Published on 2 December 2022
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Three consequences of moving “Beyond GDP” that you and your organisation need to know about

The Wealth Economy Framework enables decision-makers to develop a rigorous and holistic framework for making effective use of all their resources in a way that embeds sustainability and de-silos decision-making. Diane Coyle explains why businesses need to know about it.

We are all familiar with the term Gross Domestic Product (GDP). We also all know that it affects us in some way. But few understand the effect using GDP as the measure of success, has on businesses and other organisations, or the implications that a move “Beyond GDP” would have.

Yet moves to develop broader economic measures are on the horizon so it is important to appreciate what this will mean. And with the deadline for new definitions fast approaching, business owners and organisations need to be ready.

Defining GDP

Gross Domestic Product, or GDP, is a headline number measuring how well an economy is doing; it steers the decisions governments and other organisations including businesses take.

It has long faced valid criticisms – such as ignoring unpaid care work, and leaving the natural world out of economic calculations. It includes spending on burglar alarms but ignores the crime that makes their purchase necessary. It counts disasters such as floods as a positive thanks to the rebuilding and repair that has to occur.  

Since the 1980s there have been various alternative proposals aimed at tackling some of these shortcomings, but none have gained wide traction.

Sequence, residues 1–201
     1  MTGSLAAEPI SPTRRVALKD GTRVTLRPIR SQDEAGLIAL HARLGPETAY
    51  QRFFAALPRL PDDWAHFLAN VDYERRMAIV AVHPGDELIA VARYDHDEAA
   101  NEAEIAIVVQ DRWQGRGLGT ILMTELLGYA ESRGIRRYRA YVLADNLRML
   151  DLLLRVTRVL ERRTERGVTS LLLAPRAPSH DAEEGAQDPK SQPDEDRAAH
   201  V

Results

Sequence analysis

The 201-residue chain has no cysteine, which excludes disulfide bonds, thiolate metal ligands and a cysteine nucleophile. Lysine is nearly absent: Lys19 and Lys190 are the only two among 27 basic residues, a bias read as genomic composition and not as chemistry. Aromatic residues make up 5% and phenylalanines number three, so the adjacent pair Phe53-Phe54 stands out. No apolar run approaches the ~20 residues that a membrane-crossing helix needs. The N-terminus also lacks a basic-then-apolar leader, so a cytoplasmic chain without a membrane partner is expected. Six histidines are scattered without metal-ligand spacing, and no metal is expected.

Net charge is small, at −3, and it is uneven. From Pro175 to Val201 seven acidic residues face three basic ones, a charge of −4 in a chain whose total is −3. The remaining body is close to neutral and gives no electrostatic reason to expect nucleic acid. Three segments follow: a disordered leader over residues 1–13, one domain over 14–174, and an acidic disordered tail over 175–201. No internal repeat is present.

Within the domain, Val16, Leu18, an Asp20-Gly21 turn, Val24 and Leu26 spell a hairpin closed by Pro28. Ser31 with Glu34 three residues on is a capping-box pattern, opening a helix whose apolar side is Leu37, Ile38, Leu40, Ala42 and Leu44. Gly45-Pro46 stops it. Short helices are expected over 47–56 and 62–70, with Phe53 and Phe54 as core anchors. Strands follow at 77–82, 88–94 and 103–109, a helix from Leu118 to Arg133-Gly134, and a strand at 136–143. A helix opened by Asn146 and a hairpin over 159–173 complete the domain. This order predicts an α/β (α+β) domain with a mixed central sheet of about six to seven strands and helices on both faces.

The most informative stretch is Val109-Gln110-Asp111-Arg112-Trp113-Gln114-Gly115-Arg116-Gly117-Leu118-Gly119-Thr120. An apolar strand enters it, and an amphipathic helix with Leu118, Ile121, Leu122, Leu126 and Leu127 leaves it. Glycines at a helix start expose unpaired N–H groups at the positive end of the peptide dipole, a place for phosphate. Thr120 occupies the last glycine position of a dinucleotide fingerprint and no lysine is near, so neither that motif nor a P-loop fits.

Now, though, economists and statisticians working through the United Nations process that defines the economic metrics all member governments have to implement, have begun intensive work to develop statistics that give a better indication of whether or not things are improving.

The metrics will account better for the environmental cost of our activities, human and social aspects of the economy, and digital innovation.

What does this mean in practice?

As an example, let’s look at when government spending on a new road, or a company’s new plant alters the flow of a nearby river or emits some chemicals. In the past the impact on GDP or on profits has been counted, but there has been a zero for nature; for the air pollution or the loss of ecosystems or habitats. The environment has literally been painted out of the statistical picture.

But not anymore. Incorporating environmental data into international definitions for economic statistics will be part of the official publication by the United Nations in 2025 with countries expected to adopt the new processes as soon as they can.

But how will these developments affect you and your organisation? The Wealth Economy approach is the way to understand the change.

The Wealth Economy

The Wealth Economy approach to measurement involves ensuring changes in the full balance sheet are factored into decisions. It includes not only financial assets and familiar assets such as buildings and machines, but also human, natural and social capital.

Any policymaker or business strategist – and any voter or shareholder – with this (literally) much richer picture of the impact of their actions, will be able to weigh up the trade-offs that might be involved between conventional short-term gains (higher GDP or profits this year) and long-term viability.